Adjusting Architecture to Social and Cultural Needs
JRM1 02- 22- 2010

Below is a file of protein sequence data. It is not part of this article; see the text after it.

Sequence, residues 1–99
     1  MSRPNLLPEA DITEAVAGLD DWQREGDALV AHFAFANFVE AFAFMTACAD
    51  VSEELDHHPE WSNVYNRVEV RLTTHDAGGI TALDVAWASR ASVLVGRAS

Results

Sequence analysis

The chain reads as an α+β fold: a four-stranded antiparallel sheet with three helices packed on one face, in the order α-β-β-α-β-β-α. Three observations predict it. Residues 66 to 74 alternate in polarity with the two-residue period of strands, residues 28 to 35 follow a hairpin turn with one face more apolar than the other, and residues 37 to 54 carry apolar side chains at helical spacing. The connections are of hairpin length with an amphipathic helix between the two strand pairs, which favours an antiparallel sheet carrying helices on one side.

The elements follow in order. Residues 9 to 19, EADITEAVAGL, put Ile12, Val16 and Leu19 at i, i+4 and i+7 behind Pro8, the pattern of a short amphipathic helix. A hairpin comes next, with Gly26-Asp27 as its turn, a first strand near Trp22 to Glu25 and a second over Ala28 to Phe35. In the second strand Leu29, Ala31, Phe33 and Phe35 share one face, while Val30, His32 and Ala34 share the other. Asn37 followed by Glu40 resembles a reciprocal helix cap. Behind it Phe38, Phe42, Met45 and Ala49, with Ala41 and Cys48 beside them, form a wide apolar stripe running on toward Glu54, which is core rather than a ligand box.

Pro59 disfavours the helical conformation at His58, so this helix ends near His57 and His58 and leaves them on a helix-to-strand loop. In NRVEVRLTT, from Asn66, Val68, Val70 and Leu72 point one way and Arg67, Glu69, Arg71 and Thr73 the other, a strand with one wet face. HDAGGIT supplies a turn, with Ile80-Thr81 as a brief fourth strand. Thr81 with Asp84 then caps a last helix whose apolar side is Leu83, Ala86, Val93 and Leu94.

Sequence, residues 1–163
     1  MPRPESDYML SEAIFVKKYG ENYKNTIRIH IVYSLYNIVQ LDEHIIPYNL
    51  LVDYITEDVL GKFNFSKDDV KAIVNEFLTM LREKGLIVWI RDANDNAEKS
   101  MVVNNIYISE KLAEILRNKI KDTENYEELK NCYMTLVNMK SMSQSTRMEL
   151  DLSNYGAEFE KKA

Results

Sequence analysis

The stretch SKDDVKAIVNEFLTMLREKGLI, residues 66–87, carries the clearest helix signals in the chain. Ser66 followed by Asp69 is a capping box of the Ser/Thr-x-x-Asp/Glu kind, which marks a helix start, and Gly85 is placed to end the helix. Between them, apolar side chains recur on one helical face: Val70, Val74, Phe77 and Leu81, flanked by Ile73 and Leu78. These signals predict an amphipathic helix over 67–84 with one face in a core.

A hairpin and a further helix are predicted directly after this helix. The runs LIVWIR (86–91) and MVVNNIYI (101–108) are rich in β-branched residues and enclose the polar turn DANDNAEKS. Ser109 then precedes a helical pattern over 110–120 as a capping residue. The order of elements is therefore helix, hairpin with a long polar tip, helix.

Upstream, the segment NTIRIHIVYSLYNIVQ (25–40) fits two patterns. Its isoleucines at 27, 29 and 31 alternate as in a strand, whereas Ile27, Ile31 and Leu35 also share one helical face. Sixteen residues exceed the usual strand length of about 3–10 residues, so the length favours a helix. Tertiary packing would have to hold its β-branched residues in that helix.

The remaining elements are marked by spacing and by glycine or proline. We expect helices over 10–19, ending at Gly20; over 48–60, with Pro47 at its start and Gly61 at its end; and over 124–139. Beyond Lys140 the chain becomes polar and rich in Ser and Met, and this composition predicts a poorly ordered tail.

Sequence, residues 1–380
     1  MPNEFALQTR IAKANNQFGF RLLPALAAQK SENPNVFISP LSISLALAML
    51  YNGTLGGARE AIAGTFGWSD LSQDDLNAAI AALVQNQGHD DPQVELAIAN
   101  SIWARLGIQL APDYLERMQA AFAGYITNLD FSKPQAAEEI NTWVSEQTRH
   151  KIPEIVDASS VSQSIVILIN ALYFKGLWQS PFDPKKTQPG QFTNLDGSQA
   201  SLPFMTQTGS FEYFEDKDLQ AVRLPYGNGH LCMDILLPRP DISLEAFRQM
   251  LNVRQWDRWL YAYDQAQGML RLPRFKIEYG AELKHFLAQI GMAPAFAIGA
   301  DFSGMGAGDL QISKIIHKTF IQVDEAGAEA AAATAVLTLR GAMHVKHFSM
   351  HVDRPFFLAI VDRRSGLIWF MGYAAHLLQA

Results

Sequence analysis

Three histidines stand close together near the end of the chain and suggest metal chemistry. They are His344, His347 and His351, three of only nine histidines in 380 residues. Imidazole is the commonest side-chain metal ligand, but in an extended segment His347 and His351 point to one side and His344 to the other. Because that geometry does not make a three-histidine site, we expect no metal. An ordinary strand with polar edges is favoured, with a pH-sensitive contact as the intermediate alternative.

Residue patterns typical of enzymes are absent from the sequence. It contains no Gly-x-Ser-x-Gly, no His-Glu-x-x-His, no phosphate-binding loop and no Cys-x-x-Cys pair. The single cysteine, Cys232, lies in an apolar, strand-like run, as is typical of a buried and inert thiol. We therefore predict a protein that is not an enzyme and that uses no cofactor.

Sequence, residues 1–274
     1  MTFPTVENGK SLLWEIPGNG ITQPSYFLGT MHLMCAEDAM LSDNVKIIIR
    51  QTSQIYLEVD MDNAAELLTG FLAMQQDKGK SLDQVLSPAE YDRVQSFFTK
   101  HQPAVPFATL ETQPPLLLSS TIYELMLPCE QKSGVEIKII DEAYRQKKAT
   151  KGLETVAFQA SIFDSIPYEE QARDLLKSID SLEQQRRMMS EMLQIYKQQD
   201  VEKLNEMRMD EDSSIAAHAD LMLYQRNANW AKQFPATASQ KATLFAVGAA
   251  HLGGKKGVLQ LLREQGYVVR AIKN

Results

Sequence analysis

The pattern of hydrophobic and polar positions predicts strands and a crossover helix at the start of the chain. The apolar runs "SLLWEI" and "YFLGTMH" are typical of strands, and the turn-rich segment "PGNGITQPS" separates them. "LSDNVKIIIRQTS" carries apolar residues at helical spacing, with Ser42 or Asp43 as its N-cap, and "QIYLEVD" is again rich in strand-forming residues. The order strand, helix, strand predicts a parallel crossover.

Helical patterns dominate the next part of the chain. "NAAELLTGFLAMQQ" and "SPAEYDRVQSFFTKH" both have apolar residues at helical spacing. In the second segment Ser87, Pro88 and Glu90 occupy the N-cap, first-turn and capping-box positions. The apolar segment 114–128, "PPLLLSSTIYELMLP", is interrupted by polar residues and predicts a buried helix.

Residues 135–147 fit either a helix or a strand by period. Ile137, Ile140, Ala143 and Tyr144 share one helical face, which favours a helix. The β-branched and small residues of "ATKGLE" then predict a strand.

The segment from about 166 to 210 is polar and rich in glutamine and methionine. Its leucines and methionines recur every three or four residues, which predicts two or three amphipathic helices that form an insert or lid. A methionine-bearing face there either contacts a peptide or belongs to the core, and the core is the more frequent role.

As the industrialized world begins to recognize the consequences to of leaving ecological sustainability issues unaddressed, China has been addressing social and cultural sustainability issues to a further degree than most industrialized nations. China's rapidly growing population has directly effected the way the Chinese people design and inhabit space. Population density has proven the traditional Chinese construction methods inadequate and has challenged designers to rethink and adapt the vernacular architecture. As seen in the lower image at Yu Garden, traditional Chinese architecture rose only to the second floor and used a wood construction method that severely limited verticality and density. Today, reinforced concrete and steel construction methods are what make serving China's population possible. Two-storey buildings are no longer a socially sustainable option for urban China, therefore builders have resorted to high-rise residential buildings and large-scaled public facilities to meet the people's growing needs. Old Shanghai (including Yu Garden) is now just a small district within the city that can boast of its traditional architecture; but Old Shanghai is an island in a sea of modernity. The contrast between the modern and vernacular is stark, but the change in construction methods has challenged architects to reconsider how to address the vernacular architecture formally. One can scan across Shanghai's skyline and immediately recognize a "Chinese quality" about the skyscrapers and modern buildings. The upper image is the Grand Theatre of Shanghai designed by Jean-Marie Charpentier. Using modern construction techniques, the building's form references the Chinese vernacular while being a large enough venue to serve Shanghai's growing population. The plan is based on a square, like spaces of ancient Chinese architecture, which according to Chinese tradition represents the earth. The upturned curvilinear roof symbolizes the sky and references the traditional roof form. Though the needs of present-day China are ever-growing--housing, transportation, sustaining cultural identity, etc.--the Chinese are addressing social sustainability through high-rise residences and high-density living. The Grand Theatre of Shanghai is a prime example of addressing cultural sustainability (maintaining and showing sensitivity to a place's culture and history) in modern architecture. It uses new, non-traditional materials and construction methods to carry Chinese traditions into the future.

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